8 things you should never buy at Anthropologie
These products may be beautiful, but they're best to be avoided.
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My obsession with Anthropologie runs skin deep, and there are so many items I will buy time and time again (hello: Capri Blue Candle). But despite making some fabulous home decor and trendy clothing, I do have my fair share of regretful purchases. Some products, while boho-chic and adorable, just aren’t practical or particularly well-made. And you don’t want to wind up with something that you spend a lot of money on, but never actually wear or use.
To help you not make the same mistakes and spend your hard-earned cash more wisely, I dug into which products are actually not worth buying from Anthropologie (yes, it’s possible!). From my own personal experience and speaking with some former Anthropologie retail employees who dished some secrets, I found the 8 products you should never get at Anthropologie—and where you should shop for these products instead.
1. Measuring sets
Anthropologie is filled with adorable measuring cups that would look gorgeous on a countertop or your next baking Instagram. The thing is: they’re not that practical. They’re oddly shaped, making it difficult to scoop out ingredients, and the stoneware material is more susceptible to breaking than a stainless steel set. And don’t get me started on how pricey they are ($38!!). Cut the cutesy and get this stainless steel set from Bellemain, which happens to have the best measuring cups we’ve ever tested.
2. Pixi makeup
While there’s an extensive bougie makeup collection offered at Anthropologie, some brands are worth buying elsewhere, according to my insider information. Case in point: Pixi. You can typically find these makeup and skincare products for cheaper at big-box retailers like Target, especially when there’s a sale going on. You should still feel free to purchase Pixi makeup—just not at Anthropologie.
3. Cloth & Stone clothing
Cloth & Stone is one of Anthropologie’s top-rated brands, but it tends to be on the pricier side. While you could wait for specific items to go on sale or a big Anthro Day sale to happen, you’re more likely to save even more on these items if you shop for them at T.J.Maxx or Marshall’s, where you can find the brand for up to 50% off. While I’m not saying you should never buy Cloth & Stone, you can definitely find it for a better price outside of Anthropologie.
4. Dishware that isn’t dishwasher safe
A set of plates that features my favorite animal? Count me in. But if these plates aren’t dishwasher safe, you can count me out. While these adorable plates are a great conversation starter, the inconvenience of not being able to throw them in the dishwasher after a dinner party diminishes their value—especially at $16 a pop! If you do want plates from Anthro, opt for ones that are both dishwasher and microwave safe, which makes them a little more reasonable for the high price tag. You can even find some cheeky dog-themed ones to suit your whimsical needs.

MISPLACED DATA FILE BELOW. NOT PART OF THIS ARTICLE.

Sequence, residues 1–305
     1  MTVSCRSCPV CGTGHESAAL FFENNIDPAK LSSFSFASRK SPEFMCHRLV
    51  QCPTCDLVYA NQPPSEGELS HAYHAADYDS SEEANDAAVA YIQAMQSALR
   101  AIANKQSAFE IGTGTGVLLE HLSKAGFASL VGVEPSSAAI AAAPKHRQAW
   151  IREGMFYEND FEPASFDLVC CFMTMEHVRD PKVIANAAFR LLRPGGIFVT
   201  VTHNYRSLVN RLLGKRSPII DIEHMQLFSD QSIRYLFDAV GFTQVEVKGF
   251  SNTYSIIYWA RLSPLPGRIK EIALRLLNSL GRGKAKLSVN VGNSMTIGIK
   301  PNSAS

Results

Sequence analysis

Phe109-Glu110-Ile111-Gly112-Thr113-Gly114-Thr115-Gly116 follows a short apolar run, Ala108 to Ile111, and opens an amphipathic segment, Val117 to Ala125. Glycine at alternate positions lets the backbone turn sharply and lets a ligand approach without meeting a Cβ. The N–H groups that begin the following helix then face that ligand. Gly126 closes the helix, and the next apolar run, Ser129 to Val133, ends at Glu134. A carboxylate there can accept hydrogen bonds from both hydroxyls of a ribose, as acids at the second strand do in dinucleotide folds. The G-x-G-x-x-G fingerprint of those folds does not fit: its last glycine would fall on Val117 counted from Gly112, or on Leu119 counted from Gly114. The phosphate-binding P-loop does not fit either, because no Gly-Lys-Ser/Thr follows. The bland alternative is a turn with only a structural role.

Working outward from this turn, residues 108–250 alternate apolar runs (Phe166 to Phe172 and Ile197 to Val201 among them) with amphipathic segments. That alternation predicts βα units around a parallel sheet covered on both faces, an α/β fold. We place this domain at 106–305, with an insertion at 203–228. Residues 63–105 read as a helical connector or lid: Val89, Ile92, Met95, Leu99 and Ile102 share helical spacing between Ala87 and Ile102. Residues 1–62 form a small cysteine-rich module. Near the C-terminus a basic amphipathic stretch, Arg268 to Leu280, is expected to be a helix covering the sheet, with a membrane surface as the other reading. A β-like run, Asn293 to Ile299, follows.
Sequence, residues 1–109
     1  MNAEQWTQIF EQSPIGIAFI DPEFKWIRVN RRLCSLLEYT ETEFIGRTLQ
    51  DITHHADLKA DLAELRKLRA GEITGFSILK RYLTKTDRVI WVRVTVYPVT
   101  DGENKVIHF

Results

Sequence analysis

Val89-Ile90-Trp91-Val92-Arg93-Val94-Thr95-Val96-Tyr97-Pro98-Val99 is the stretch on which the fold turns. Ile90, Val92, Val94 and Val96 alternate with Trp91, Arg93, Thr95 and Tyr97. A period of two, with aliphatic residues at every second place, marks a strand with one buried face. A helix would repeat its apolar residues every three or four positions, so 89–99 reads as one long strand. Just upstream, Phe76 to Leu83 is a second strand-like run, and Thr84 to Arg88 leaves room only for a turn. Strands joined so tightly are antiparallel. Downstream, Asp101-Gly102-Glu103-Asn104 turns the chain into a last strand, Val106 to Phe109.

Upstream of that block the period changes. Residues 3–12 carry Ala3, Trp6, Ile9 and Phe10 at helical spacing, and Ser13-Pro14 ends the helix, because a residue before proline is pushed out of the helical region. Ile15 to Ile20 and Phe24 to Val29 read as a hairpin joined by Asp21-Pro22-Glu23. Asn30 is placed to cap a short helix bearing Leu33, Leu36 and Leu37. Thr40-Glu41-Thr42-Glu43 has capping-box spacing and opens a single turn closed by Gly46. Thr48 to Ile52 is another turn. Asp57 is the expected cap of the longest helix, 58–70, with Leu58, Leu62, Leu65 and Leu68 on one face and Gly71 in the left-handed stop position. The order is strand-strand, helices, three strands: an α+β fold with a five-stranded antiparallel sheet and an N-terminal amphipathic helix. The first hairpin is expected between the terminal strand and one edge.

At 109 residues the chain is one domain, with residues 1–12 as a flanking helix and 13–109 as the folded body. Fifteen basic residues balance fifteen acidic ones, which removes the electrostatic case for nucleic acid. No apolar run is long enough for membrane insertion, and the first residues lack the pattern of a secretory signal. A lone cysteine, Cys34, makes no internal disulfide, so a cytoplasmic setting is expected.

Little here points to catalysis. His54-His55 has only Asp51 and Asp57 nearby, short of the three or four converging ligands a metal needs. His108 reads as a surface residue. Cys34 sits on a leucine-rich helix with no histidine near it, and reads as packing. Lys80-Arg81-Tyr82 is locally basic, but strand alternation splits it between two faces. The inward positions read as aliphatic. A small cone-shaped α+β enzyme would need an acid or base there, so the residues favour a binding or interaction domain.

5. Tech accessories
While Anthropologie might try to entice you with gorgeously designed tech accessories like wireless chargers and portable charges, avoid them at all costs. They’re not highly rated and they’re way overpriced. For example, the Marquetry Wireless Charger may be pretty, but it costs a whopping $80. You’re better off getting this one from RavPower for less than $30, which also happens to be the best wireless charger we’ve ever tested because it was the fastest of the bunch.
Now, I’m not saying you shouldn’t buy furniture from Anthropologie (I’ve been eyeing this velvet chair for years now), just read the reviews first. Like many things on this list, a lot of the pieces sold at Anthro are overpriced for their quality. Reviews on certain products say that while the furniture looks gorgeous, they don’t stand up to the test of time or aren’t actually that comfortable. There are even horror stories of termites ending up in some of the wooden furniture. Yikes. So just be careful out there. If you want inexpensive Instagramable furniture that might not hold up but is easily replaceable, check out the Wayfair Hashtag Home collection.
7. Smeg appliances
While Smeg kitchen gadgets have that vintage look that makes them completely Instagramable, they're not as good as they look. Throughout our own testing of various cooking products, we’ve found that Smeg products simply aren’t worth it, especially with their high price tags. Anthro currently sells a Smeg blender for $320. For that price, you might as well splurge on a powerful Breville Super Q Blender that performs well and will last you for years to come—and it's the best one we’ve ever tested.
8. Free People Movement collection
Free People and Anthropologie are like close cousins (they’re both owned by URBN), but that doesn’t mean you should shop the Free People Movement collection at Anthropologie. Although they’re priced identically at both retailers, you’re better off getting them straight from Free People. Anthropologie’s return policy on FP Movement states that returns must be made to the warehouse within 60 days for a refund and cannot be returned to stores unless it was originally purchased at one. So if you order online, it means you’re paying shipping to get the clothes and paying shipping to return them if they don’t fit. Quite frustrating, if you ask me. But Free People offers free returns for FP Movement items, so just shop the same items there instead.
Prices were accurate at the time this article was published but may change over time.